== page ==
Aesthetics in Art

Art is commonly recognized as “the expression or application of human creative skill and imagination, producing works to be appreciated primarily for their beauty or emotional power” (Merriam-Webster Dictionary). When applied to an aesthetic value, “art” cannot be as easily contained to this definition; the idea of what constitutes as art or not is largely left up to the viewer’s interpretation. The viewer determines what expectations are created, where the work stands in relation to the physical world – its ontology, and the emotional response provoked by the work.

Throughout this Intro to Aesthetics course, we discussed these ideas in detail and have concluded what the requirements to create an aesthetic work of art are – none. Plato, one of the first renowned philosophers dating back to 422 B. C. , gives a detailed analogy describing art in Allegory of the Cave. In this article, Socrates is said to tell Glaucon about prisoners in a cave, chained and immobile and only able to view shadows of people working behind a screen. This cave represents the physical world, while the shadows represent physical objects and the fire producing the shadows represents the physical sun.

However, when the prisoners in the story look at the actual sun, which is meant to represent the idea of good, they are blinded by it. This is equivalent to in the real world where humans are forced to dilute beauty through imitation, because they are too blinded by the true beauty that is the actuality of events. This is why Plato believes that true beauty and art lie in the unadulterated idea of a subject, rather than the execution of it in the material world. Plato goes deeper into his opposition, possibly so far as to say his hatred, of reproduction in his article Against Imitation.

He places a lot of stress on how pure ideas are the only true reality in the material world. The physical world only exists as an imitation of these ideas and forms, which are always “perfect. ” The example of a carpenter materializing the idea of a bed through wood, then a painter turning the vision of that bed into a painting is used in this article. This is to exploit the uselessness of a bed painting, when the original mental conception of a bed had intent, and its material portrayal had a function.

Once physically replicated, the object becomes lesser and proceeds to lose aesthetic value for every degree of replication it endures. In Plato’s opinion, the physical world is not as real or as beautiful as the ideological world for this notion. On the other hand, Kant, in his article Judgment about the Beautiful, embraces imitation and a human’s representation of reality. Kant addresses, “A beauty of nature is a beautiful thing; beauty of art is a beautiful representation of a thing” (Kant, 410).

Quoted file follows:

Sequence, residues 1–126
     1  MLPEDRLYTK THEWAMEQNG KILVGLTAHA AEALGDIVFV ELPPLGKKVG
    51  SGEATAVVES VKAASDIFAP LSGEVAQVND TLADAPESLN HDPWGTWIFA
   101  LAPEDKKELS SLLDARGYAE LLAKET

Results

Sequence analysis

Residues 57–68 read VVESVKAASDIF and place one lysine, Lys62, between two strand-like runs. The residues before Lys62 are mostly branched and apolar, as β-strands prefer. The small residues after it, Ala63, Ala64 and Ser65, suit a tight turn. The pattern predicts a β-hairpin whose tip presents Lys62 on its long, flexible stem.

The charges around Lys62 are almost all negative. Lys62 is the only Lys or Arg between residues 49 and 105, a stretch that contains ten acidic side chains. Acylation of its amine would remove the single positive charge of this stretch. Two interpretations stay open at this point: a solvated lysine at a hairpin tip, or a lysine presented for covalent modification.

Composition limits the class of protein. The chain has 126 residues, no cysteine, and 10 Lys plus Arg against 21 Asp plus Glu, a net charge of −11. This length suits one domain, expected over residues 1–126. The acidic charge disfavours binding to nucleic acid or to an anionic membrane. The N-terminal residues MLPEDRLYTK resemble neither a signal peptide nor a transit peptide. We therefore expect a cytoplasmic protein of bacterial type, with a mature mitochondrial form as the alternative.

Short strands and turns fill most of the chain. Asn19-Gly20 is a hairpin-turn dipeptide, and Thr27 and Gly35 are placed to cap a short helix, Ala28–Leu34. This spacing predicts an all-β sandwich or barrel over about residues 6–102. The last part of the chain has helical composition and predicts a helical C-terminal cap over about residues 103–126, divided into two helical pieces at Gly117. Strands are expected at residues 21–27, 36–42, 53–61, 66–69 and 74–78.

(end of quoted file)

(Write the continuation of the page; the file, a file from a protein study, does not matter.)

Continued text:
This is the opposite spectrum of Plato’s perspective, as Kant sees all stages of an idea; from the conception, to the natural formation, to the replica, as beautiful. In fact, he sees imitation as even more commendable, rather than less, due to the idea being filtered by a human mind, therefore humanizing and materializing it. In a similar vein as Kant’s, Peg Zeglin Brand discusses the role society plays on the conception of artistic ideas in Feminism in Context. He focuses on how criticism and theory behind a piece add context and expectation to it.

Contextual value is a big factor in one’s expectations of and emotional reaction to a work. For example, someone from a wealthy background may perceive one meaning from a work, while one from a lower-class, poverty-stricken background may draw conclusions from a different perspective. Roles in society, cultural values, and the like are all interchangeable variables that apply to this theory. It can be concluded that there is no set code for aesthetics of art, but rather a set of principles and questions that are left to each audience member’s personal interpretation and discretion to answer.

A viewer may be predispositioned, like Plato, to prefer poetry and literature, as they are pure ideas being suspended in eternity by words. Or they may enjoy, like Kant, a seemingly boring sight, such as a landscape, reproduced through the magnificent lens that is the human mind. There is no way to decide what art is, aside from the creator’s judgment. Instead, each viewer is individually equipped to produce an emotional response, or lack thereof, on a case-by-case basis per piece of art.